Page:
Harar Jugol, the Fortified Historic Town


The fortified historic town of Harar is located in the eastern part of the country on a plateau with deep gorges surrounded by deserts and savannah. The walls surrounding this sacred Muslim city were built between the 13th and 16th centuries. Harar Jugol, said to be the fourth holiest city of Islam, numbers 82 mosques, three of which date from the 10th century, and 102 shrines, but the townhouses with their exceptional interior design constitute the most spectacular part of Harar’s cultural heritage. The impact of African and Islamic traditions on the development of the town’s building types and urban layout make for its particular character and uniqueness.Harar city wall

The fortified historic town of Harar is located in the eastern part of Ethiopia, 525 km from the capital of Addis Ababa, on a plateau with deep gorges surrounded by deserts and savannah. The walls surrounding this sacred city, considered “the fourth holy city” of Islam, were built between the 13th and 16th centuries and served as a protective barrier. There were five historic gates, which corresponded to the main roads to the town and also served to divide the city into five neighbourhoods, but this division is not functional anymore. The Harar gate, from where the main streets lead to the centre, is of recent construction.

Harar Jugol numbers 82 mosques, three of which date from the 10th century, 102 shrines and a number of traditional, Indian and combined townhouses with unique interior designs, which constitute a spectacular part of Harar’s cultural heritage. The African and Islamic traditions influenced over a long period of time the development of the city and its typical urban planning and contributed to its particular character and uniqueness. The present urban layout follows the 16th century design for an Islamic town with its central core occupied with commercial and religious buildings and a maze of narrow alleyways with imposing facades. The traditional Harari house has a typical, specific and original architectural form, different from the domestic layout usually known in Muslim countries, although reminiscent of the coastal Arab architecture, and with an exceptional interior design. At the end of the 19thcentury Indian merchants built new houses with wooden verandas that defined a different urban landscape and influenced the construction of the combined Indian/Harari houses. Their architectural and ornamental qualities are now part of the Harari cultural heritage.

Harar functioned as the capital of the Harari Kingdom from 1520 to 1568, became an independent emirate in the 17th century and was integrated into Ethiopia in 1887. From the late 16th century to the 19th century Harar was an important trade centre between the coast and the interior highlands and a location for Islamic learning.

Today Harar is the administrative capital of the Harari People National Regional State (HPNRS). The historic town has a traditionally functioning community, forming a complex social-environmental whole where each element has its symbolic and practical significance. The Harari people are distinguished by the continued cultural traditions and quality of their handicrafts, including weaving, basket making and book binding. The organization of the communities through traditional systems has preserved its social and physical inheritance and, significantly, the Harari language.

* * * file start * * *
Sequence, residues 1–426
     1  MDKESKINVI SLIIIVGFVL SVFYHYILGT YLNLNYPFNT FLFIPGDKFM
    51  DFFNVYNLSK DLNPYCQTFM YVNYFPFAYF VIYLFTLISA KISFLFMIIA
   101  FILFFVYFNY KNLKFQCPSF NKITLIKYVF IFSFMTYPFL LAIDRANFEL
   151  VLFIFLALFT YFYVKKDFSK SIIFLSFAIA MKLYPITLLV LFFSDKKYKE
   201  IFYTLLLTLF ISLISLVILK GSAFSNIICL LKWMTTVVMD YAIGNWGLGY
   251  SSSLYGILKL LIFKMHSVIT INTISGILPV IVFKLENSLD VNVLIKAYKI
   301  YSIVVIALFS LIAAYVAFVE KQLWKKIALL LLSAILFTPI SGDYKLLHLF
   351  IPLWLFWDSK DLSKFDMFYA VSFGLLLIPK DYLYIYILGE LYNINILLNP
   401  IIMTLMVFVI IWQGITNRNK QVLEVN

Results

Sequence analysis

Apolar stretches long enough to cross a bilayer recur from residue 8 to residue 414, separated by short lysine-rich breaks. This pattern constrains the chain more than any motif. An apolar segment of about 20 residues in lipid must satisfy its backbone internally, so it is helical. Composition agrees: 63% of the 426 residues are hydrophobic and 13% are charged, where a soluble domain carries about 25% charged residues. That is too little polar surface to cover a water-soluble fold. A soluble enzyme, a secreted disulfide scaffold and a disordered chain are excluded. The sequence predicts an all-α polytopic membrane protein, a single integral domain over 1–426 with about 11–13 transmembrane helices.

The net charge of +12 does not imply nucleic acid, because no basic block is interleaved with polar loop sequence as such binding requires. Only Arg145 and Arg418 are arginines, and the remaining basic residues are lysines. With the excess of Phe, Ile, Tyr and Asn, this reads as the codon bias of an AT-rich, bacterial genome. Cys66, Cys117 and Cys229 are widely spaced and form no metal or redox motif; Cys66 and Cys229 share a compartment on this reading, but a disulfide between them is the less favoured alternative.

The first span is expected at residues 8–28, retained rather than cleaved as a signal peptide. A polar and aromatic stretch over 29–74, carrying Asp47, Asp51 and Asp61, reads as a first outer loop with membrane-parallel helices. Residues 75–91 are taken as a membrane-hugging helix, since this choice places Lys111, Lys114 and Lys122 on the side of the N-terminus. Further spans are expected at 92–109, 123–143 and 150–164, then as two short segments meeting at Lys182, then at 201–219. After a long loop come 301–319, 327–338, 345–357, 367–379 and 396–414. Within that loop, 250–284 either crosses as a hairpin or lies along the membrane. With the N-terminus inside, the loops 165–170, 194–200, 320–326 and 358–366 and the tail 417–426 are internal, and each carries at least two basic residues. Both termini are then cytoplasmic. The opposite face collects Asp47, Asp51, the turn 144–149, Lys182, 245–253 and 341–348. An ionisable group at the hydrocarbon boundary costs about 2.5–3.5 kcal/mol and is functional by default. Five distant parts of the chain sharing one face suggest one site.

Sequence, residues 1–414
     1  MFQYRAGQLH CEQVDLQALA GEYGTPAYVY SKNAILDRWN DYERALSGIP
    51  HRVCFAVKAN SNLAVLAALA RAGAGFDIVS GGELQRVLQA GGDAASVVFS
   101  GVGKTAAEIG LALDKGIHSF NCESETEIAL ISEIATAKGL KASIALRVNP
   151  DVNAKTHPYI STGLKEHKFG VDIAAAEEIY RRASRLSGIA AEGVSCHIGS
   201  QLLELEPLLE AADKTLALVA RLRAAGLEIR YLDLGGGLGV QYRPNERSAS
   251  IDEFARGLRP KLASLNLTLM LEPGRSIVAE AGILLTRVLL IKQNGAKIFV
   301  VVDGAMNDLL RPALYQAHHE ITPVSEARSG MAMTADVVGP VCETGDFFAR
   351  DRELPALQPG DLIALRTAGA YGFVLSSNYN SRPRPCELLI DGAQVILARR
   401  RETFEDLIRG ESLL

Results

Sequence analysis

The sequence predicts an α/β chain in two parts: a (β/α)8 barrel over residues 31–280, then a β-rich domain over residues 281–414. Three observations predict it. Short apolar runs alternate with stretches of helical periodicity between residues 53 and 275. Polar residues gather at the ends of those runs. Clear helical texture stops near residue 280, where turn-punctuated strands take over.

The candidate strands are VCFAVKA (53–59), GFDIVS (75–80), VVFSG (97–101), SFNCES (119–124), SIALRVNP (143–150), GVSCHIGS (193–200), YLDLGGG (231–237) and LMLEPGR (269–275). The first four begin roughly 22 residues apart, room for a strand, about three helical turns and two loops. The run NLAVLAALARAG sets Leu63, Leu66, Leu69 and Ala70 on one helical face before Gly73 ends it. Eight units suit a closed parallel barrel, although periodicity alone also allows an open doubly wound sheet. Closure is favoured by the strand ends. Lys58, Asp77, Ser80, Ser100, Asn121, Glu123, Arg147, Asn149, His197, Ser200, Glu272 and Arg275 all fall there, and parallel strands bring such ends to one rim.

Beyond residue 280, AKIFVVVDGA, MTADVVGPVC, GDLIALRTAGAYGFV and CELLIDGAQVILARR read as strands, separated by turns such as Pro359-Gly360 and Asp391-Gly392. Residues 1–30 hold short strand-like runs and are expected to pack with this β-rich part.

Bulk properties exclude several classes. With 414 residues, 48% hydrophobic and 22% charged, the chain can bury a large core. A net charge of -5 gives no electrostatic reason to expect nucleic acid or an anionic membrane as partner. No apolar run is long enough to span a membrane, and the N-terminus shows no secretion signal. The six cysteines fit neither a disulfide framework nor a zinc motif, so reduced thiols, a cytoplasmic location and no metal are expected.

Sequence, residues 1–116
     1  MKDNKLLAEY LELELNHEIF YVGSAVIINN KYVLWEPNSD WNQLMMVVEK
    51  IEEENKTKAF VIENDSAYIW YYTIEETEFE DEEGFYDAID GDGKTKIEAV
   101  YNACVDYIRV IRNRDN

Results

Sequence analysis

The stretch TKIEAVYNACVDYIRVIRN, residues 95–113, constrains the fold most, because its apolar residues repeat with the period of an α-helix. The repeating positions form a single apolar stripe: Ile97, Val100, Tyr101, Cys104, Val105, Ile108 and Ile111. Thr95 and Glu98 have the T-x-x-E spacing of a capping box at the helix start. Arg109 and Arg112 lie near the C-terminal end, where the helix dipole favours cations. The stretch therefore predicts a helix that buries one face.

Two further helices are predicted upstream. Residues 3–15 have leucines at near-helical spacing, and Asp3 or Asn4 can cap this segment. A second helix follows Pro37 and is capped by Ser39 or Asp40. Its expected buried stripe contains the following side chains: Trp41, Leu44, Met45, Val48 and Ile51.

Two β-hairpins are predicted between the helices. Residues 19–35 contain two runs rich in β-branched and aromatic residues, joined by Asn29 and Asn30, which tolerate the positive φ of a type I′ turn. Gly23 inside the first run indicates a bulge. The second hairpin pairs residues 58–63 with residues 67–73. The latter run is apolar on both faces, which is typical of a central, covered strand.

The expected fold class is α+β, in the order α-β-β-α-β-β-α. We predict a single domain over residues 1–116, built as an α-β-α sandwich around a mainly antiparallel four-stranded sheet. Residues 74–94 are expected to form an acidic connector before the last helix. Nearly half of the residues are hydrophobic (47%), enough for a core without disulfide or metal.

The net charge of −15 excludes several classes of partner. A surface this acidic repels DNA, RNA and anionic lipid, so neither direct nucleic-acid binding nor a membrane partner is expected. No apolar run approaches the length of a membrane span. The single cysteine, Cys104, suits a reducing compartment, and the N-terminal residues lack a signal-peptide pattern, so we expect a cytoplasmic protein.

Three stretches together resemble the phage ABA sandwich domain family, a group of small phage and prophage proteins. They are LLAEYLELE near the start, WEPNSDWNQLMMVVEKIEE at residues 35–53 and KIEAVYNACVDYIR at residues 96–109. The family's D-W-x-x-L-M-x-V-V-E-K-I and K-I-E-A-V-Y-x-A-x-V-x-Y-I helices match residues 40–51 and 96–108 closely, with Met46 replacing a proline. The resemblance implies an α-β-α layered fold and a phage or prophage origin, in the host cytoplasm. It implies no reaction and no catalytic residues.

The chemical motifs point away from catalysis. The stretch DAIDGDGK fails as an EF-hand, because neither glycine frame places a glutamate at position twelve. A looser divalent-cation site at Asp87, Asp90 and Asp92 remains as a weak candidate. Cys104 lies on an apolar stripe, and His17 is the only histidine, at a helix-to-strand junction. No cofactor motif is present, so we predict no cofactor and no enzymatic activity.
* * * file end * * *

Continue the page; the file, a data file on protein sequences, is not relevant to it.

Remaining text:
The origins of Harar are obscure, and the main source of information is oral tradition. There is a myth, according to which, in July 1256, there arrived from the Arab Peninsula 405 sheikhs who chose this site to found the city. Some sources indicate that Harar came into being around the 10th century or even earlier. Islam was introduced to Ethiopia in the 9th century. Three mosques of Harar have been dated to the 10th century (Aw Mansur and Garad Muhammad Abogh in Jugol, and Aw Machad Mosque outside). Between 1277 and 1285, a neighboring lord created a coalition of five Muslim principalities. From that time on, the trade was in the hands of the Muslims, and Harar became a principal trading post.

In the 16th century, Harar was established in its present urban form and from 1520 to 1568 it was the capital of the Harari Kingdom. From the second half of the 16th century until the 19th century, Harar was noted as a centre of trade and Islamic learning in the Horn of Africa. In the 17th century it became an independent emirate. Nevertheless, this was also a period of decline, and the population fell from some 50,000 to ca. 12,000.

harar 3Due to its fame, Harar attracted the interest of the Egyptians, who occupied it from 1875 to 1885. Following this, in 1887, Harar was conquered by Menelik, the king of Asmaadin and later Emperor of Ethiopia. At this time, the Great Mosque at Faras Magala was destroyed and replaced by an octagonal Orthodox church. Menelik also opened the sixth gate and cut through a new street in the east-west direction. At the end of the 19th century, there was immigration of Indian merchants, who introduced the Indian house type and the combined version.

From 1938 to 1942, Ethiopia was occupied by the Italians. In the subsequent period, due to various problems, Ethiopia and with it also Harar have been subject to famine, civil war, and economic decline, including for example land reform, which in reality decreased productivity of agriculture. After the end of the dictatorship in 1991, there was a slight improvement until the war with Eritrea. At the moment, Harar Jugol needs to rebuild its economy on the basis of sustainable development.